Sorry if my post wasn't clear but we're using Elastic's hosted Elasticsearch Service (8.4.1), so JVM/Open SSL etc are beyond my reach, Elastic hosts and manages those bits.
The App Search (aka Enterprise Search) endpoint I'm referring to is what is automatically created by Elastic Cloud and is what we copy from the deployment details. We are using the latest Search UI in headless mode since we do not use React. Our integration takes the user's search input and fires off the search request using headless Search UI (configured with the endpoint and Public Search Key).
This works flawlessly for everyone except for at least one user who is in a restricted health care setting, who instead gets the basic HTTP auth dialog due to something being blocked or manipulated by their IT department's restrictions.
Usually the browser will give you these prompts if it receives a 401 error with a header like
WWW-Authenticate: Basic. App Search should not be doing that, so I expect your end user is actually hitting something else.
Ah, the IT department did share a screen shot where they were in fact getting the 401 error in the browser's developer console. Again, I don't know specifically what their IT team has done to lock down browsers, they just provided a brief summary that said:
the site does not pass our SSL inspection controls which we have enforced to monitor PHI being transmitted, thus resulting in the strange prompt for credentials the vendor’s site service with AWS as shown in the screenshot below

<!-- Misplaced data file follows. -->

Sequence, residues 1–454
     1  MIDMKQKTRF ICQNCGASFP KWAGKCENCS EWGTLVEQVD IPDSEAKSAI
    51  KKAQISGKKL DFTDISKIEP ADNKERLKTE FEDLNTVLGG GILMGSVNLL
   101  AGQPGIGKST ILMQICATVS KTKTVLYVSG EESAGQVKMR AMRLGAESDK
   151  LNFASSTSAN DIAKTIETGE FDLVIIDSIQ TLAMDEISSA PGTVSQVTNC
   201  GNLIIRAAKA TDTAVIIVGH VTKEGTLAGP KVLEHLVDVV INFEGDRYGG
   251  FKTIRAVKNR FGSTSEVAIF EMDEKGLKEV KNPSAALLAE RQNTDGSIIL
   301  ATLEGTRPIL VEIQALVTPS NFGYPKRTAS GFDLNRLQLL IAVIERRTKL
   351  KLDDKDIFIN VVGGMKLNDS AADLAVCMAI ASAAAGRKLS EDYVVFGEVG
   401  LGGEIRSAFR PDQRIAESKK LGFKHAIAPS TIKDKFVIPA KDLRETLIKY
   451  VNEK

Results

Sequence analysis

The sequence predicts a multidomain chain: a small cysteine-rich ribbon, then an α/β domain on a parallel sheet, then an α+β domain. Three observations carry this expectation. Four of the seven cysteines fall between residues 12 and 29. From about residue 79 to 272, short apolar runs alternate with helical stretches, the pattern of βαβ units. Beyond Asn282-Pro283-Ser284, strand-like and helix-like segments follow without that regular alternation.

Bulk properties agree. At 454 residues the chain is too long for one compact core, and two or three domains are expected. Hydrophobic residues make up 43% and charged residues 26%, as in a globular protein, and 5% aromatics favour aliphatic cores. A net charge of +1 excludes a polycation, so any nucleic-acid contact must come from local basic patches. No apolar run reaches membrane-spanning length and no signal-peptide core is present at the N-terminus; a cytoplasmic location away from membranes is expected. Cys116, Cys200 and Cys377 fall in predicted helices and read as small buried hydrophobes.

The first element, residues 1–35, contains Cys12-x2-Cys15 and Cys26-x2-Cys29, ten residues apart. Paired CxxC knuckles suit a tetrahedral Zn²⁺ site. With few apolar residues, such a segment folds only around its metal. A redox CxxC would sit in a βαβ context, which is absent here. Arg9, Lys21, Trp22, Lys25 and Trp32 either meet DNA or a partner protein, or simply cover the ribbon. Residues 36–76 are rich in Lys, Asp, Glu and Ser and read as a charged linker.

This seems to suggest they are somehow blocking Search UI from submitting the Public Search Key, which causes a 401. I just tested this and set the searchKey = '' and this does trigger the 401 but I still cannot reproduce how they are getting the HTTP auth prompt. EDIT: the HTTP auth dialog is shown by Chrome, my Firefox does not do this.
Reading a bit about forward secrecy, I don't expect that is something that we have on our roadmap to support. If you have a support relationship with Elastic, you may file an Enhancement Request for this feature.
Any specific reason why not? It looks like
TLS_ECDHE_ECDSA* is supported by JDK but I have no idea how the endpoints are configured when hosted by Elastic on Amazon, other than that the endpoint is using a Let's Encrypt generated certificate. It seems this will be an issue for anyone that is subject to 3rd party audits or doing B2B sites with clients in a health care or other restricted setting. If this is a hard "no" from Elastic, that's unfortunate since that only leaves your customers with options ranging from running a proxy to self-hosting. It would be far preferable to be able to have these endpoints use the latest and greatest cipher suites.